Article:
ROCHESTER, N.Y. (WROC) — This new book from Kevin Kurtz, a current Rochester resident of about ten years, combines the things he loves: writing, science, and education.
It’s Kurtz’s 23rd book, many of which are focused on the sciences, animals, and biology. So perhaps it’s not surprising that his process to become a children’s writer focused on science… Happened organically.
“I started reading all the time and sometime around like maybe nine or ten, some of the things I was reading were starting to get my imagination going,” Kurtz said.
He remembers his time growing up in Homer, New York. He was surrounded by books, and comics. Like so many inpsired by the written and illustrated word, he wanted to take the craft up himself.
“As I got older, I realized like I don’t actually have artistic drawing talent,” Kurtz said with a laugh.
That realization that life might be tougher than seems, extended to his growing fiction writing career. Struggles to to get his work published meant he had to rely on delivering pizzas to make end’s meet. Like others in that position, came the questioning: “I don’t know if this is the life I want.”
His travels took him to Charleston, where he started working as an educator in a marine biology lab, then after an aquarium opened up in the area, he took an education job there.
“I really liked, talking to people, to kids about science and nature and animals and things like that,” he said. “And that’s when I started thinking: ‘maybe that’s something I could do with my writing is write about science and nature for kids.'”
That fleeting though became prophecy.
But with almost two dozen books under his belt, a number of awards, an initiative called “Kids Vs. Climate Change,” and a regular rotation of school visits, this new book “The Fascinating Science Book for Kids” presents another challenge.
Kurtz’s books are all non-fiction, but this particular book presented another challenge; explaining very nuanced concepts to kids in an understandable way.
“I think of two things like what’s the hook, like what is the really cool thing about this that kids can either relate to, or they have no experience of whatsoever, but it’s so weird and cool,” he said. “One of the things I do is I’ll think of an analogy, something I can compare to that kids are familiar with.”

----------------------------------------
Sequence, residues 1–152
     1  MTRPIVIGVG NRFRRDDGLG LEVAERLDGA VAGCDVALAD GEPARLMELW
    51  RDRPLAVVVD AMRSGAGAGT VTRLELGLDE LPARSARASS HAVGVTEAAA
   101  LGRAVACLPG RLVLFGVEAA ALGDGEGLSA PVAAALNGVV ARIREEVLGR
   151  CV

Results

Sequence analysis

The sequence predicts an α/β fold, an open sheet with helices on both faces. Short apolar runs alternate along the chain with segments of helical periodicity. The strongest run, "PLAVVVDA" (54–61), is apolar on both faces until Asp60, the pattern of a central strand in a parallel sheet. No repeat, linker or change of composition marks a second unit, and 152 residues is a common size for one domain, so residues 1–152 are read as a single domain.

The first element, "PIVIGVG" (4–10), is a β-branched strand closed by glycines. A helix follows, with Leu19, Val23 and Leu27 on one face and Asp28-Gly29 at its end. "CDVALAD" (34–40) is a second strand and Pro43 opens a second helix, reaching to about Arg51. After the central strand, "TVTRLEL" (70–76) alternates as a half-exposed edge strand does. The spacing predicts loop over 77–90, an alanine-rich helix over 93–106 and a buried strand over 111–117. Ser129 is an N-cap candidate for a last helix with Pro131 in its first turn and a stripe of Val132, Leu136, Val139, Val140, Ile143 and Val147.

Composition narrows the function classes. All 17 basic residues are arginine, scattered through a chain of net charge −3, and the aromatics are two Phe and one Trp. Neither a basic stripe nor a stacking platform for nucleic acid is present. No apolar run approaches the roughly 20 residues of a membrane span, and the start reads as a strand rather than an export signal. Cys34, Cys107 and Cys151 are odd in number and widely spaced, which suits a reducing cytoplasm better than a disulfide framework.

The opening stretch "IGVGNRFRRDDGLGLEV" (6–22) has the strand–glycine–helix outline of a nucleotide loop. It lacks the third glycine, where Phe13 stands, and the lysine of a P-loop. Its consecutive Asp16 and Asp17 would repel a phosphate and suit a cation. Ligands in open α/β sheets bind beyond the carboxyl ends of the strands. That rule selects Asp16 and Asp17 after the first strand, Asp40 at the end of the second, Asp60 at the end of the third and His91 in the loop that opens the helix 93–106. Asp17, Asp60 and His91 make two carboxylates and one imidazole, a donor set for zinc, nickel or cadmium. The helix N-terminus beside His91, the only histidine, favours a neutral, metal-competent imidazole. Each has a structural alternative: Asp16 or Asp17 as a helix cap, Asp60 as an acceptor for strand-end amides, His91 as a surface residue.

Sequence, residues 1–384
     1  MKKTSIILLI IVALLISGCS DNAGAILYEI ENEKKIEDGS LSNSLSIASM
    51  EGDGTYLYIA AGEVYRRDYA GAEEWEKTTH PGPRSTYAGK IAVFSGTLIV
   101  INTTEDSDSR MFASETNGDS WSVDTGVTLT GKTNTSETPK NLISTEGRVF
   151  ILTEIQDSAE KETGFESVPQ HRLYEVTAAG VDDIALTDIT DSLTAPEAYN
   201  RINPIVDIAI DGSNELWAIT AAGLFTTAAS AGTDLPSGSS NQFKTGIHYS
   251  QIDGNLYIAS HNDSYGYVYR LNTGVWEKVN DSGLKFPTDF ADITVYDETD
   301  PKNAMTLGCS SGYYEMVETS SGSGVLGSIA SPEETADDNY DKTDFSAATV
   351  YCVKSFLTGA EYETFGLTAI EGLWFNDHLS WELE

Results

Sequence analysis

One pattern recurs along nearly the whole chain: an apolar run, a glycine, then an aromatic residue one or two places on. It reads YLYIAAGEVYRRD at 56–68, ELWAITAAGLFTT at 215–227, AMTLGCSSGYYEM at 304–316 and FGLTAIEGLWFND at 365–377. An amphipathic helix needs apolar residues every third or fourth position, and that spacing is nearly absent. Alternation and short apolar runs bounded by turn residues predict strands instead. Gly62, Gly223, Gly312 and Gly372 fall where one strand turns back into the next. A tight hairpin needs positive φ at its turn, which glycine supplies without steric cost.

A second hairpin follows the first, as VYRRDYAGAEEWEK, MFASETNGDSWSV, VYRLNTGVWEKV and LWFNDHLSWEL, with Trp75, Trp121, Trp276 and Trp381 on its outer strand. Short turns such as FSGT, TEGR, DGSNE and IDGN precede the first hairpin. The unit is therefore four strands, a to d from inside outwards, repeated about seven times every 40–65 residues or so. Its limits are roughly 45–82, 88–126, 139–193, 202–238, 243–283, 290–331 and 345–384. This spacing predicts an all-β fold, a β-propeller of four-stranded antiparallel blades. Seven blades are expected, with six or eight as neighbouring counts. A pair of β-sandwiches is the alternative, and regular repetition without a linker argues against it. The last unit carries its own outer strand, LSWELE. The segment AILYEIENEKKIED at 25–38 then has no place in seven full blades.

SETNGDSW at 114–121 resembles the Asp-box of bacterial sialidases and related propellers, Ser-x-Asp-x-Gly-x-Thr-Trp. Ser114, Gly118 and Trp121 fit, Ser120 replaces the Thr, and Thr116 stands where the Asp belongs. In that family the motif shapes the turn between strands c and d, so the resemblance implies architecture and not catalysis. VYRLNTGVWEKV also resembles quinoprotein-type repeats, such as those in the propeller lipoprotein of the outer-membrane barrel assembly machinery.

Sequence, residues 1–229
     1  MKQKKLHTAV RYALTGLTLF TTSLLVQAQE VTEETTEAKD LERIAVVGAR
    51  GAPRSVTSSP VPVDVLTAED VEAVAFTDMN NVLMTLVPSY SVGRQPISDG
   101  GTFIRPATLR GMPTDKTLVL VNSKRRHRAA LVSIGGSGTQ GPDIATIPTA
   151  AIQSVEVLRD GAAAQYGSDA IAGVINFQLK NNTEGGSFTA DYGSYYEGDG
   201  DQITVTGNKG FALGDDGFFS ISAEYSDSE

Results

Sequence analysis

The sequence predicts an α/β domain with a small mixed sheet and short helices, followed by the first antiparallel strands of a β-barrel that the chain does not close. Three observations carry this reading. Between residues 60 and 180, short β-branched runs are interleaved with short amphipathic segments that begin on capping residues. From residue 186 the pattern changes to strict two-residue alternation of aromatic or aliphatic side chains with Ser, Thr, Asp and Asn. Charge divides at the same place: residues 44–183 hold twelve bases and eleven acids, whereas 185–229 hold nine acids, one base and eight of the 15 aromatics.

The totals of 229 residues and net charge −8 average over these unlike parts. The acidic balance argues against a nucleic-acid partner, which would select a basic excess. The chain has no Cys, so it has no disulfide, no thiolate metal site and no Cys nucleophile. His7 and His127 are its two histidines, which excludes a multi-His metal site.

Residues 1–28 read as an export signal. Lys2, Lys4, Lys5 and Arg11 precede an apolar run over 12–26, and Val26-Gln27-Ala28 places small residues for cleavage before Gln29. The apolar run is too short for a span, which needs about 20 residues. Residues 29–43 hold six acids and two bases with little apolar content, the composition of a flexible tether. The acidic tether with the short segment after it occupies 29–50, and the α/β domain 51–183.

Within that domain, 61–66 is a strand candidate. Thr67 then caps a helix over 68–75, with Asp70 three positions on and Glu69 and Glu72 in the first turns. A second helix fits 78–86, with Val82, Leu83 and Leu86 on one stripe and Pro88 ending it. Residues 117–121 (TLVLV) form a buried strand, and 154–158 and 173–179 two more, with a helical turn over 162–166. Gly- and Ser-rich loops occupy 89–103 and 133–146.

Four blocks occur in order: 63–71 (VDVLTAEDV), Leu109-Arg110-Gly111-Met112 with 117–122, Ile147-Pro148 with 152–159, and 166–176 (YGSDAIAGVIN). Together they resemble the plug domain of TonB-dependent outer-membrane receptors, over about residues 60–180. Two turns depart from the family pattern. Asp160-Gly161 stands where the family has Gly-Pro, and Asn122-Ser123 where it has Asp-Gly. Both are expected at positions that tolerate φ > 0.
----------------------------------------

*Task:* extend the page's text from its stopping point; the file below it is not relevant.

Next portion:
Kurtz spends hours researching these topics, cross referencing them with published papers, and even going a step further, by checking other news and content sources online. He tries to find ways around the “top ten lists” found on other sites.
He also says that his educational experience working in a “live” setting at the lab or the aquarium — along with his appearances and speaking gigs at schools – give him an immediate reaction from the kids on what works and what doesn’t. He also works with the visual artists for the book to make sure that the facts are portrayed in an engaging way.
As for this product, he’s glad to finally have it out in the universe. While astronomy might not be his first wheelhouse, his favorite science fact comes from that field.
“Basically everything inside of our body was made in stars. Stars are like nuclear furnaces, they’re doing fusion. They all start with hydrogen atoms, and the hydrogen atoms fuse into helium. And in that fusion process, they make the heat and the energy, but they just keep building bigger and bigger atoms.
“Once they hit iron, they don’t have enough energy to fuse iron. So that’s when they start dying. But some of them are so big that they still have enough energy in them, they might explode into a supernova, and that’s where everything else like gold and all the other larger elements. I just found was amazing. Like the idea that we’re made of star dust… Is like something songs from the sixties like have lyrics about, but it’s true. We are all made of start dust.”